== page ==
The city clerk’s office is still located in City Hall but looks a bit different from this 1915 picture. Nearly everything in the room would be an antique hunter’s delight now - from the lighting fixture to the strategically placed spittoon. Peter F. Leuch was city clerk then - the 20th to hold the position in the city’s history - and in 1916 “manual of the Common Council and of the municipal government” complied under his direction, a good profile of the city was drawn. It included the usual biographies, also information on the schools offering “penny lunches” and a list of license rates. The rates ranged from $10 annually for a double bowling alley ($5 for a single); $5 for “circuses, dog or pony shows’; $200 for a retail liquor license; $50 for a tally-ho or Columbian horses, $5 for, “carriage, drawn by 2 horses” and the same amount for an automobile for hire. (Photo courtesy of Theresa Stoecker and information from the Milwaukee Public Library local history collection.)
N. Water and E. Wells Sts. formed a busy intersection in the early 1900s. The Blatz Hotel was on the southwest corner. Across the street was the Pabst Theater and next to the theater was a popular café. However, a statue of Henry Bergh, founder of the American Society for the Prevention of Cruelty to Animals, was the real focal point of City Hall Square. The statue, showing Bergh with a dog, was dedicated in 1891 and had a watering trough for horses beneath it. It was common to see a horse and wagon stopped there, as in this photograph. The trough was in use until about 1940 when it was converted to a flower bed. Photograph and information courtesy of the Milwaukee Public Library local history collection.
One man and two women buying from a flower peddler from his cart as a dog crosses the street behind them. The peddler would sell flowers as well as seeds, fruits, vegetables, and gardening supplies. Description courtesy Milwaukee Public Library.
A view of a man and his dog walking near the streetcar tracks that run along North Downer Avenue and continue to Capitol Drive. People can be seen golfing in the background at the Milwaukee Country Club. Caption courtesy of Milwaukee Public Library.
Herman Weiss operated his meat market virtually in the shadow of Milwaukee’s Exposition Building (seen in background). The store’s awning reads “C. Weiss” because the market was in his mother Caroline’s name. Gloria Wetzel of Cedarburg tells us that her grandfather’s store was at 502 Wells, on what is now the northwest corner of 5th and Wells. Gloria’s mother, now Mrs. Alma Wetzel, was born in the living quarters above the market in 1893 and might be the child in the baby buggy here. Herman Weiss is the man on the left. He operated the store there until 1895, then moved to the 2500 block of State St. until 1910. The ornate brick and glass Exposition Building was completed in 1881 on the site of what is now the Milwaukee Auditorium. The building burned June 4, 1905, but it transformed Milwaukee into a convention city before then - 21 industrial expositions were held there over the years, as well as many musical events, charity balls and international bazaars. Photo and information courtesy of Alma and Gloria Wetzel and the Milwaukee Public Library.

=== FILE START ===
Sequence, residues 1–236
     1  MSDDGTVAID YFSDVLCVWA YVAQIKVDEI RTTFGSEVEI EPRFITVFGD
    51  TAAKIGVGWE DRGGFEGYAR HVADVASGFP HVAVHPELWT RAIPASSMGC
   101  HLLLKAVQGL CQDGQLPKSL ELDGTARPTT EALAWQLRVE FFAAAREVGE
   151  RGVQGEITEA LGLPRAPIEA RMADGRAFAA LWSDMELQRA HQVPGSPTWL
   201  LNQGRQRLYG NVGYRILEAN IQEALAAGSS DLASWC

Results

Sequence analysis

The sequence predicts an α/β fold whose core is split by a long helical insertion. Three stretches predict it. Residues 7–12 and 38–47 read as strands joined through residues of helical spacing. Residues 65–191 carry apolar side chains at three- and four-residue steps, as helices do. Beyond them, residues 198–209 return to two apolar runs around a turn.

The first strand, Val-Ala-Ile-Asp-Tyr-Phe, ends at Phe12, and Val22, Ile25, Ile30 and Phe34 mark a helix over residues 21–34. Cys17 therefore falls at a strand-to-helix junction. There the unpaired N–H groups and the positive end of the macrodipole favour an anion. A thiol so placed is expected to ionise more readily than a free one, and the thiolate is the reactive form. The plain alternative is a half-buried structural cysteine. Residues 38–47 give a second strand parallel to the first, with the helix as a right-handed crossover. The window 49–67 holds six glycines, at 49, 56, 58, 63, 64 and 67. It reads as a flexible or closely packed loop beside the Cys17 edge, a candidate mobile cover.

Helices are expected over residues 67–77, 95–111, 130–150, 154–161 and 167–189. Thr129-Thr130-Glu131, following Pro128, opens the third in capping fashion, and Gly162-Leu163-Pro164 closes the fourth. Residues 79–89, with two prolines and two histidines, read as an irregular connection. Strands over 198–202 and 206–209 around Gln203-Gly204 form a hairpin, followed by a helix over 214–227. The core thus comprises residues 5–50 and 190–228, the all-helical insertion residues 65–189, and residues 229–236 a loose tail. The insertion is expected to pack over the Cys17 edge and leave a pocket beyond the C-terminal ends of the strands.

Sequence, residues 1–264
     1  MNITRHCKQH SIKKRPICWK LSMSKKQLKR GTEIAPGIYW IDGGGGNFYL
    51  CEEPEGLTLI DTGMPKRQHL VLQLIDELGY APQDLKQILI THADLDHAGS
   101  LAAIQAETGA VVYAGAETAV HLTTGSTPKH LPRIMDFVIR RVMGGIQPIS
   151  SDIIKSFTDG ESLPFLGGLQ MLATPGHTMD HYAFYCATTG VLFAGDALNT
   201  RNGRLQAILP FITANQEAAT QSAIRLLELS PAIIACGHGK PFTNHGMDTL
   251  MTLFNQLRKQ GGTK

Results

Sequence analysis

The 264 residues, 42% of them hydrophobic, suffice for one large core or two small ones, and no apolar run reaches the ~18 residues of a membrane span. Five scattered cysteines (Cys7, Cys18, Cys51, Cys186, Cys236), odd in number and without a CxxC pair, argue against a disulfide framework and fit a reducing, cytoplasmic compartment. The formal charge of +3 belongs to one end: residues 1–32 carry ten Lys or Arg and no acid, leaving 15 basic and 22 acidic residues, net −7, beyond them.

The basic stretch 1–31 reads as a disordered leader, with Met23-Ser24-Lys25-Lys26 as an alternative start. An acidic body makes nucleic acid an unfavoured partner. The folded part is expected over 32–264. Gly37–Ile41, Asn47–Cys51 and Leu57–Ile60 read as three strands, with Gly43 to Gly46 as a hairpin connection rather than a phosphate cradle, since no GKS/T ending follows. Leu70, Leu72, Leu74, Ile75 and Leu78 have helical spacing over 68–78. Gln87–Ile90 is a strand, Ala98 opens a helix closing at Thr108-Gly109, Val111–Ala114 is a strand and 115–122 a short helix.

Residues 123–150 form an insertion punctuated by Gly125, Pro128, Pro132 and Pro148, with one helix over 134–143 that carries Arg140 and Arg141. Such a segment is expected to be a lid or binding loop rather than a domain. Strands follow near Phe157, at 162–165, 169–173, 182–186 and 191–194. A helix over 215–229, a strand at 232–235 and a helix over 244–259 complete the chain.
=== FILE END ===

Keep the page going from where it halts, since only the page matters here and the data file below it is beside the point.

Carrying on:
A group of men and one child pose outside the entrance to John Fogg’s Saloon on Jones Island. The tavern was one of many among the fishing village establishment on the island. (Caption courtesy of MPL)
As the home of melodrama in Milwaukee, the Bijou Opera House was where the villain was regularly hissed. “In Old Kentucky” was performed annually during State Fair Week at the Bijou. The theater was located on 2nd St., between Wisconsin Ave. and Michigan St. It was one of a chain of theaters owned by Jacob Litt, a “powerful magnate in the affairs of the American theater.” According to one Milwaukee history, this impresario endorsed the theory that city dwellers as well as visitors to the city “expect more or less in the line of amusements” and he undertook to provide for every level of the urban society. Besides the Bijou and the Academy of Music, Litt also operated the Dime Museum, which offered such curiosities as the Frog Child, Burt Barton the Human Salamander and Dr. Casanovia - Who Cuts Up a Man Before the Audience. The Bijou opened in 1891 and continued to entertain Milwaukeeans until 1912. Photograph and information from the Milwaukee Public Library local history collection.